BRUSSELS. European leaders meeting in Brussels this week were eager to focus on granting Ukraine candidate EU membership status, but they also had to deal with a pressing war-related problem: Russia is slowly turning off the gas tap.
Cuts in gas supplies to Germany in recent days have forced the country, Europe’s economic engine, to strengthen its energy emergency protocol and urge Germans to conserve electricity. The next step is normalization.
EU leaders on Friday asked the European Commission, the bloc’s executive branch, to come up with policy proposals to collectively deal with the possibility that Russia, using Europe’s continued reliance on its gas supplies to hurt Ukraine’s supporters, could further curb the flow of gas or even completely cut off countries.
“We saw the picture not only of the last weeks and months, but also in retrospect, as well as the picture of last year, when you look at how Gazprom fills the storage — or, I should say, does not fill the storage, because last year they were at a 10-year low,” commission president Ursula von der Leyen said on Friday.
“Now it’s 12 member states that are either completely or partially cut off,” she added.
RS. Von der Leyen said she would ask her experts to come up with a contingency plan to deal with possible winter shortages. The Commission has already advocated the joint purchase and storage of gas by EU members as a safety measure in case one country goes offline. For example, after cutting off gas supplies to Bulgaria, Greece stepped up to help supply gas to its neighbor and EU member.
But if Russia decides to hurt Europe for its support of Ukraine by further cutting supplies from its energy giant Gazprom, it is far from clear that such temporary solidarity will work in winter, when the bloc’s energy needs are much higher.
The EU has imposed sanctions on Russian fossil fuels, including a broad ban on Russian oil imports that will take effect at the end of the year. But he has not been able to do the same with Russian gas, on which he is heavily dependent, because he has not yet found enough alternatives. Meanwhile, gas prices have risen, costing European buyers dearly and softening the impact of sanctions on Russia.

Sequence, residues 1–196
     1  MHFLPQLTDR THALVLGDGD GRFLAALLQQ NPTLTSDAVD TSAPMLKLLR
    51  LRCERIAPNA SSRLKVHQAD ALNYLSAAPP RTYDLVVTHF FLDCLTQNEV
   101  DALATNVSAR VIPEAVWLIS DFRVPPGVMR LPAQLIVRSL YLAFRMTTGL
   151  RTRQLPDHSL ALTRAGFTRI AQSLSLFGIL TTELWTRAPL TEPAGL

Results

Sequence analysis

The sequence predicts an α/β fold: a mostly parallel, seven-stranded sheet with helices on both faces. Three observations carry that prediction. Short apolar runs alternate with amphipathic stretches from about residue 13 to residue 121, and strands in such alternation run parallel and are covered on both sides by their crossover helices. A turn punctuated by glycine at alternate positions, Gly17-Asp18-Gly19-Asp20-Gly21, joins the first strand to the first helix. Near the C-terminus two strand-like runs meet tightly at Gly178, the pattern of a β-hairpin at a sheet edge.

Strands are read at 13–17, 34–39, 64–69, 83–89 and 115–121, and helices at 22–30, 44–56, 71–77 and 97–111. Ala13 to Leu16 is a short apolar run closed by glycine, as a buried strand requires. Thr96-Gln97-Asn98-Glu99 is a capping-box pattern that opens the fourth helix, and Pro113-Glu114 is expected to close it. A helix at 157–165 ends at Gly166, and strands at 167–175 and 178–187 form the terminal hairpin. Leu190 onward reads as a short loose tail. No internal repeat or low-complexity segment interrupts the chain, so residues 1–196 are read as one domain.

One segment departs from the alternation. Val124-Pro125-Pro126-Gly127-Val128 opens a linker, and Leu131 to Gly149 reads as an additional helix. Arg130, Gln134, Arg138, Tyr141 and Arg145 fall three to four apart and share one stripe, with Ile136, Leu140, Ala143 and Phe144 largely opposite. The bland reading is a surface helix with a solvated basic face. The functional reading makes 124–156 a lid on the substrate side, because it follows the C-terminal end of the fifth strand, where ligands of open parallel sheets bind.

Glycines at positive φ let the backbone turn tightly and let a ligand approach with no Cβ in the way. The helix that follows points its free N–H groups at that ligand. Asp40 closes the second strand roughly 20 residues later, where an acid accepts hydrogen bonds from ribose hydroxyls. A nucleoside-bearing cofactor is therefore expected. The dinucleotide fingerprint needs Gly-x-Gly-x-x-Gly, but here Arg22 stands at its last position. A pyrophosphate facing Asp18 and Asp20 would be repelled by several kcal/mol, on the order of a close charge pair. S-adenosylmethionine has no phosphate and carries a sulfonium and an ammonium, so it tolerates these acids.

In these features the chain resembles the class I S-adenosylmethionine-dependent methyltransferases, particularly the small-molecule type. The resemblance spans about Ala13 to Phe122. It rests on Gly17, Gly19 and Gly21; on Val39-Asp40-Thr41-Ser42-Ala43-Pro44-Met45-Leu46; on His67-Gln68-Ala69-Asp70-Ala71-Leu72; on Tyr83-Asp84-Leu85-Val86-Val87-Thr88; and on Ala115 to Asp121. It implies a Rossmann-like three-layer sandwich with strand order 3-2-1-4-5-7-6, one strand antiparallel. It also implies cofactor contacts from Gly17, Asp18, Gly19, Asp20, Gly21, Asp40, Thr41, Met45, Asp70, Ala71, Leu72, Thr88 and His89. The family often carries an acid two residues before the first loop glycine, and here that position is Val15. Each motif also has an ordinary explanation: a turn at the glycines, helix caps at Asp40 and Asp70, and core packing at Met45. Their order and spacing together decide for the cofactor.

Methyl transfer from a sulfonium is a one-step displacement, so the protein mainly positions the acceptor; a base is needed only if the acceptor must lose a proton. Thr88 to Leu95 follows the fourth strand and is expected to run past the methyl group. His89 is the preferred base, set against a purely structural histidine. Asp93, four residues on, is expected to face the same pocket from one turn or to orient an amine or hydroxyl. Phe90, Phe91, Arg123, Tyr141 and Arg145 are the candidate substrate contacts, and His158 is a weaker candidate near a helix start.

And whatever solutions European leaders come up with for the growing problem will take effect in a few months. For now, Member States must deal with possible shortages largely on their own.
RS. Von der Leyen said she has been asked to present her proposals at the next EU leaders’ summit in October and expects her staff to complete their training in September.
At the same time, she urged people to use less energy.
“We must not only replace gas, but always use the opportunity to save energy. I can’t stress this enough,” she said, adding that Europeans could save a lot by turning off their air conditioners in the summer and turning off their heaters when temperatures drop.
Gas is not the only pressing issue facing world leaders. Diplomats also gathered in Berlin on Friday ahead of the G-7 summit in Germany on Sunday to discuss the growing global food crisis caused by Ukraine’s inability to export its grain. Earlier this week, the United Nations said the war had left tens of millions of people food insecure.
German Foreign Minister Annalena Burbock welcomed Secretary of State Anthony Blinken; Italian Foreign Minister Luigi di Maio; and other officials to discuss possible solutions.
Before the war, Ukraine exported millions of metric tons of grain monthly, mostly through seaports that are now blocked. Officials weighed in on the possibility of transporting grain overland, which was a much slower and more difficult undertaking.
Speaking to reporters after the meeting, M. Blinken said that although the food crisis will continue for some time, it is important not to allow Russia to violate the basic human rights of the Ukrainian people.